There hasn’t been a minute in the last two weeks that I haven’t had thoughts of this 50 mile training run I have coming up.  Now, if you were to ask me whether or not I was worried about if I could complete this 50 mile training run, I would say no.   I have some physical ailments for sure.  Some nagging pains, difficulties that have created some doubts as to whether or not I’ll physically be able to complete the hundred miles.  I also know I have the legs this year from all the solid training, and have completed some really good long runs.  

Of course, the physical is not where my thoughts go…or, should I say, where my Inner Critic, the voice in my head that feeds me fear and self doubt, takes me.   Those thoughts say, “Yeah, you may feel pretty good at the end of the 50 mile training run…but, you know…another 50 is a whole other thing!”  Another good one, “What happens if you don’t feel good on the 50 miler?  What does that mean for your hundred-miler?”  Or, “I wonder how cold it will be…  Colder than what you’ve been training in, that’s for sure”  It goes on and on…  I think you get the point.

Whether I know it or not, these are the most important moments in training.  It’s when the actual turning of the tide can happen.  And, if I don’t give a real effort to support myself, rest assured  that tide will become a tidal wave that will crash right over me.  What I need now is to give up this inner critic and all of it’s garbage-filled thoughts.  These thoughts are using all of my energy for fuel to ‘supposedly’ keep me safe and sitting on that bumper.  The Inner Critic’s voice is firing off all of these horrible bumper stickers about how I’m not good enough or capable enough so rapidly that I can’t seem to hear a word from my Internal Coach.  My Internal Coach is that other voice in my head that consistently has had my back during these tough moments.  It helps me with constructive criticism.  Reminds me of all the ‘wins’ I’ve accumulated over the many years of running and that this isn’t my first rodeo. 

I’d like to say that times like this (bumper-sitting times) are far and few between.  That I’ve never just had those human moments where, having that Inner Critic front and center megaphoning self doubt and fear, has caused me to pack it up and take comfort over progress.  It has.  But, over the years, it has become far more of the exception rather than the rule.  I’ve learned that if all I can manage is to stop and just ask myself one question before throwing in the towel it is going to be this:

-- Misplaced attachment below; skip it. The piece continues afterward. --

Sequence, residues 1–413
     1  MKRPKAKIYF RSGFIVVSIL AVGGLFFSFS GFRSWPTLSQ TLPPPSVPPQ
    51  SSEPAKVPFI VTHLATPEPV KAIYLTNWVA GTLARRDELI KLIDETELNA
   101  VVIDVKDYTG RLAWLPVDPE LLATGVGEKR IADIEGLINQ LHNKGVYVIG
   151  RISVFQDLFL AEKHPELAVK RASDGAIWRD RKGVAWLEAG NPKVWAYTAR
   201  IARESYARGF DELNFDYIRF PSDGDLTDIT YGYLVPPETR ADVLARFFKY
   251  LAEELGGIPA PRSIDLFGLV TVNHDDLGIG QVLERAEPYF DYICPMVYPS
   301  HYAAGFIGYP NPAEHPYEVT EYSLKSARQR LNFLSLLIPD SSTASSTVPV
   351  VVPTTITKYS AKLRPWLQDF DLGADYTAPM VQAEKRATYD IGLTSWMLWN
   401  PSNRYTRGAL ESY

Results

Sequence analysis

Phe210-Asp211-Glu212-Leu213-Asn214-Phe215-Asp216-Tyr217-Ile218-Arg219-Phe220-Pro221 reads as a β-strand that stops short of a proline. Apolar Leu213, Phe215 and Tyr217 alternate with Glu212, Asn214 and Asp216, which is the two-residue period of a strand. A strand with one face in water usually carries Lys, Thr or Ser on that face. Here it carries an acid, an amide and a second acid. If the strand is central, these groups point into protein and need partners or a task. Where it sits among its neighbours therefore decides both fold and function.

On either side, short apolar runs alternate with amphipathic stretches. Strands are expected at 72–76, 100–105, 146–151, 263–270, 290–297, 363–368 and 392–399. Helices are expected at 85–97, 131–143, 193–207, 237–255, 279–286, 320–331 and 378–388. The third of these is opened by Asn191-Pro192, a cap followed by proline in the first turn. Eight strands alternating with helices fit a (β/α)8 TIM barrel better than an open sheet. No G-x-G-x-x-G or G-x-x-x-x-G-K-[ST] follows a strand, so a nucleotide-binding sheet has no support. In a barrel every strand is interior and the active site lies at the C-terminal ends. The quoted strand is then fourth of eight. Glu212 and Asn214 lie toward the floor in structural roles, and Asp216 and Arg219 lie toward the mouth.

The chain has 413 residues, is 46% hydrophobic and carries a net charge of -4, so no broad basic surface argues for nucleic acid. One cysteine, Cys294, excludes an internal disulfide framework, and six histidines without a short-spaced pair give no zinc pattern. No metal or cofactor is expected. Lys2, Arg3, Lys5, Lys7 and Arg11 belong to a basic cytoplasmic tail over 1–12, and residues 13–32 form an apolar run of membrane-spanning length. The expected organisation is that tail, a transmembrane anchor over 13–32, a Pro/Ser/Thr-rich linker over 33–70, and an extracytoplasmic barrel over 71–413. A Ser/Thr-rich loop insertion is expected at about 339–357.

What do I want?

I’m not talking about the fancy shirts, medals, or belt buckles from finishing races.  I’m not talking about accolades, people patting me on the back, telling me how awesome I am, a lucrative contract with Adidas that gets me my very own cool van, whisking me around the country to the all high profile races, kissing babies, and seeing myself on a Wheaties box (though, as I’m actually typing this, that sounds like that would be pretty damn cool…  Not the point though).  What I’m talking about is, “What do I want to feel?”  Because right now, by listening to my Inner Critic, I am feeding myself thoughts, images, worries, and concerns about a future that hasn’t happened, yet this is creating fear, anxiety, and self-doubt in real-time.  

These emotions are unhelpful, energy-draining, and dampen the wick of inspiration and motivation that I know is in me.  I’m not saying all these self-preservation emotions aren’t ever needed.  I’m just saying, they’re not needed right now.  Not while I’m stuck to this bumper.  

What are needed are the wonderful images and memories of past successes in this arena (any arena I’ve been successful in actually) that fill me with inspiration, confidence, and possibility.  Mental reminders that provide gratefulness (which is the antidote to my Inner Critic’s anxiety) that I actually have experience in this arena.  That it’s normal to be nervous before a race, or even the smallest of training runs as I get closer to my event.  And that every, single time I’ve chosen to get off ‘the bumper’ and make the effort required, whether on easy training runs or in the hardest races I’ve ever done, I’ve felt stronger, lighter, and more capable within just a few minutes for the mere fact that I put myself out there. 

I’ve got my hydration pack on and I’ve slowly gotten up off the bumper.  I’ve accepted that this may not be my fastest or best-feeling training run.  And that’s okay.  Truth be told, I’m going to feel a lot better for getting out and actually doing this, than if I had handed my fate over to that Inner Critic today.  What I really get is the confidence that I can trust myself and get myself out the door when I need to, and the joy in the accomplishment that I will feel when I am finished with this training run.  Gaining those feelings is worth a little physical discomfort.  In fact, it’s worth a lot of physical discomfort.  

It will be incredible if I can finish my hundred-mile race, and I am sure that will fill me with all kinds of confidence, joy, and feelings of capableness for myself.  But if, for whatever reason, I am not successful, the confidence and joy that comes from knowing that I gave everything that I had, that I put in real, consistent effort to get myself to the starting line, is just as real and just as important to me.  These emotions are what I want to fee/. I know they are not found on the bumper of my car, they are earned out on the road.  That’s where I’m headed.